And why is God exempt from having a cause, but matter or physical laws are not? This is just sophistry.

Coyne doesn’t understand the Argument from Motion. The natural world needs a cause that is pure act because an essentially ordered series requires a First Mover that is Itself unmoved. This isn’t sophistry — it’s a detailed logic argument that Coyne doesn’t understand.

Faitheist philosophers are always telling us that we don’t grasp the subtleties of theological argument, but that won’t wash here…

The Argument from Motion was originally made by a pagan (Aristotle), not a “faitheist philosopher.” It has been held by countless thinkers representing an enormous range of metaphysical persuasions. It is an argument that depends entirely on philosophical, not "theological," premises. And if you make a modicum of effort to understand it, it's not particularly "subtle." It's routinely mastered by freshmen in Introduction to Philosophy courses.

There have been brilliant atheists (Hume, Russell, Quine) who have struggled with the profound philosophical issues raised by Aquinas’ Five Ways and by a host of other demonstrations for the existence of God. Their contributions warrant respect, but they have never successfully refuted the classical arguments. These powerful and elegant demonstrations of the necessary existence of a First Cause have been set aside by stipulation, not by refutation. It is merely fashionable to deny them. Yet this denial isn’t a denial of the truth of the arguments; it’s a denial of philosophical rigor. It’s a sneer. It now seems that our materialist intelligentsia’s understanding of classical philosophy has degenerated to the point where public intellectuals like Coyne can make arguments that would embarass a teenager in a first semester philosophy course.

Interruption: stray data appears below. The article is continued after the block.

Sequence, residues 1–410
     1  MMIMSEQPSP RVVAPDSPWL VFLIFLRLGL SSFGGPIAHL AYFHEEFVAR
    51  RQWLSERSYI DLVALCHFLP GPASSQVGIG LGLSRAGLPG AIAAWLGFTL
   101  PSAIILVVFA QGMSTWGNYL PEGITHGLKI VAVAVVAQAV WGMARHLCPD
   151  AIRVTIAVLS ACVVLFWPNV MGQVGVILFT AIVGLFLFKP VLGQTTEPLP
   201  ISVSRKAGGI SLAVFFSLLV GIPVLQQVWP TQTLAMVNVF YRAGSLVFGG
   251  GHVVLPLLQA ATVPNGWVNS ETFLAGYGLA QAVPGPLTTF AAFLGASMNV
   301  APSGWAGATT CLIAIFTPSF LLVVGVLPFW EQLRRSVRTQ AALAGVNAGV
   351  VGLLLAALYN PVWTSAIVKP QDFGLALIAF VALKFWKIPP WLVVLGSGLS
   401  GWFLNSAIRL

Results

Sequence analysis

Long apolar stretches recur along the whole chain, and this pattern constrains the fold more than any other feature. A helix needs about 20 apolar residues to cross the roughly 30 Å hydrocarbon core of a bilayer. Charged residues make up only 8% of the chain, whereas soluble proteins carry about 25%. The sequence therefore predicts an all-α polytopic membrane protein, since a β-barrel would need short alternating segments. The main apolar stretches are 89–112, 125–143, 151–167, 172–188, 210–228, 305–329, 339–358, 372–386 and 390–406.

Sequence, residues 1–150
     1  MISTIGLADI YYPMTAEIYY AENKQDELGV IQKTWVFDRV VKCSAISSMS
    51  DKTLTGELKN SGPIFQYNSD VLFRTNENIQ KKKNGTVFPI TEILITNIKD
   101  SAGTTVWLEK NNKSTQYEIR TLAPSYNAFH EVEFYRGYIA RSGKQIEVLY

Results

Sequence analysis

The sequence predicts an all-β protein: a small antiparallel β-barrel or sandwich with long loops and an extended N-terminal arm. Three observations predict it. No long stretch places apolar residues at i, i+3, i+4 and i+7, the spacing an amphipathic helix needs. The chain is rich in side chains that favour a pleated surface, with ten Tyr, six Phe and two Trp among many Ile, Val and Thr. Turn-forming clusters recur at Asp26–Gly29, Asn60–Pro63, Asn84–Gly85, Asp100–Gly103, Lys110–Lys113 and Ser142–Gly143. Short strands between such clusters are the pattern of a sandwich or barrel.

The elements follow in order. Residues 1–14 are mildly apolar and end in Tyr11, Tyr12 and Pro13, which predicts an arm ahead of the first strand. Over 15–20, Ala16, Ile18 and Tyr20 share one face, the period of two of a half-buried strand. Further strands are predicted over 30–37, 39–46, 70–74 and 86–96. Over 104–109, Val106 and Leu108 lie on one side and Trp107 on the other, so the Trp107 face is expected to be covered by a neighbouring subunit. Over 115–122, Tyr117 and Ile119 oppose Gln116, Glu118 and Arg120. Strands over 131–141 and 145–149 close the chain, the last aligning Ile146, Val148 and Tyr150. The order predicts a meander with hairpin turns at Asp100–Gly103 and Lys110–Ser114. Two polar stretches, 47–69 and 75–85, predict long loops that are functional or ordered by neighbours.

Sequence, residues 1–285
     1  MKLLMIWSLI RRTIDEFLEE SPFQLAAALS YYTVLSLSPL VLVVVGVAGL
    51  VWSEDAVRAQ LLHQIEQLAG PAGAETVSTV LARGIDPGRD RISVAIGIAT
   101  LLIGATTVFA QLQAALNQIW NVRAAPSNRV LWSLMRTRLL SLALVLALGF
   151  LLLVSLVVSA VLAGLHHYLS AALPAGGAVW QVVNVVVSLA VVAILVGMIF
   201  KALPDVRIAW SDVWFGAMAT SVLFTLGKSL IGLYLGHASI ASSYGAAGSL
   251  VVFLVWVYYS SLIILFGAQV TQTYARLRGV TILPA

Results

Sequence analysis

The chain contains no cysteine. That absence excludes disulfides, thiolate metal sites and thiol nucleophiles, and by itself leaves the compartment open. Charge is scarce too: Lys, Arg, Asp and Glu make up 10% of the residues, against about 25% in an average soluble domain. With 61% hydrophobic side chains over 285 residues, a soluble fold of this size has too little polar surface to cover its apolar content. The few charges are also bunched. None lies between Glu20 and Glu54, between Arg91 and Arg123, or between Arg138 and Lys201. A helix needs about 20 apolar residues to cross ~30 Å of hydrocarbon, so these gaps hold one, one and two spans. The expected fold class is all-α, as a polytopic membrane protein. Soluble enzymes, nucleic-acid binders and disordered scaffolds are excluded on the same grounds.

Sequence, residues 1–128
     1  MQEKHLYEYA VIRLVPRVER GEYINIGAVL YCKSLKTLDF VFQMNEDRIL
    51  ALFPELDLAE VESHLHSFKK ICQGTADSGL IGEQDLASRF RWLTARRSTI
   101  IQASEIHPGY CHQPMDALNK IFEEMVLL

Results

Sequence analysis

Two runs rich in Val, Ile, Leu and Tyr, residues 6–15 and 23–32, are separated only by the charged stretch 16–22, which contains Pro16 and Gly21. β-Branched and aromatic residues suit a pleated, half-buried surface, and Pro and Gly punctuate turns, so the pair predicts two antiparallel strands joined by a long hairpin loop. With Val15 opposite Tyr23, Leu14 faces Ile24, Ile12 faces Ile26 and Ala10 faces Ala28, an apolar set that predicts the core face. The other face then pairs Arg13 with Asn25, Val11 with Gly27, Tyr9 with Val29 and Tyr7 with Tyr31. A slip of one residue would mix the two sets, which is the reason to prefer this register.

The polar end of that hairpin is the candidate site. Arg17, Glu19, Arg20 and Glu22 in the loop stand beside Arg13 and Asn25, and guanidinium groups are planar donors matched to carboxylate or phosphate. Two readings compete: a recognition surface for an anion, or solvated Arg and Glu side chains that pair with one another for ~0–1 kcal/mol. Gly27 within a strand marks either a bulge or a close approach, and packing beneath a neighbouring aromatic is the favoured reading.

Coyne doesn't understand the Argument from Motion. His arguments are too uninformed to even be sophistry. He’s all spittle. But there are people who do understand, and they’re taking notice. Thanks to the high public visibility of New Atheists like Coyne and Dawkins and Harris and Hitchens and Dennett, the anti-intellectual nature of New Atheism and the sheer malignity and fatuousness of what passes for New Atheist thought is becoming increasingly apparent to those who are paying attention to this debate. Many non-theists are cutting ties with New Atheism. The damage that Coyne and other New Atheists are doing to their own atheist cause is incalculable.

"The Lone And Level Sands Stretch Far Away"

Barack Ozymandias:

The real story this summer, the one that the scholars will be pondering for decades to come, concerns the absolute collapse of the American messiah.

It looks as if Rush can rest easy -- the Big O has failed, and failed completely. You couldn't say the same about an ordinary president at this stage of his first term. At eight months after inauguration, the run-of-the-mill chief exec is still gearing up, getting a feel for things, beginning to put his plans into motion. But Obama, as we have been told time and again, is in no way ordinary. He is a man spoken of in religious terms -- the One, the Messiah, the Lightbringer. On the stage of history, we do not create our roles. We fill them as they have been previously established through repeated human activity across the millennia. Obama's role is one familiar to anyone versed in the history of the ancient world: he is the god-emperor. Obama was elected to do more than was possible for any ordinary president, and to do it more quickly than is possible for the merely human. His apotheosis was to be like nothing else in history, a redemption of promises so deeply pledged as to have become axiomatic. The age of Obama was to be a time of sweeping, an epoch of transformation. When he strode across our horizon, nothing would remain unchanged.